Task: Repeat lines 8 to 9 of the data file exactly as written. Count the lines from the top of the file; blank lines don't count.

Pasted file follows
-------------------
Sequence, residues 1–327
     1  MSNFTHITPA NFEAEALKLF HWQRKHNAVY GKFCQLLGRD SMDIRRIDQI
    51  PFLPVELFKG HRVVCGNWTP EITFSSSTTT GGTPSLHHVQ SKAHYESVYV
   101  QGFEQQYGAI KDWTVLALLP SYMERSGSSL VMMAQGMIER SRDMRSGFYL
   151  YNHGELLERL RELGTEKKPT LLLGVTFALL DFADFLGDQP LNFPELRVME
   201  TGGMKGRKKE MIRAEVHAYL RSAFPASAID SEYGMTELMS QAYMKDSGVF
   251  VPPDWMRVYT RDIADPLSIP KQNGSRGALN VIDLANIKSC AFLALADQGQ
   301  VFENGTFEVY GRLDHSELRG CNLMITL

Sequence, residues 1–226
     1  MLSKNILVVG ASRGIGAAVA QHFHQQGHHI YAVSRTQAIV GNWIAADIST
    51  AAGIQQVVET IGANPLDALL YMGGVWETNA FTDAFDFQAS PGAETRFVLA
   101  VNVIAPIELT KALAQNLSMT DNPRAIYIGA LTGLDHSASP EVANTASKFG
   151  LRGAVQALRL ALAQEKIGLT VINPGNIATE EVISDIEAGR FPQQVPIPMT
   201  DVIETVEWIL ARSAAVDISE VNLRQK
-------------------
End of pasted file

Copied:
   301  VFENGTFEVY GRLDHSELRG CNLMITL

Sequence, residues 1–226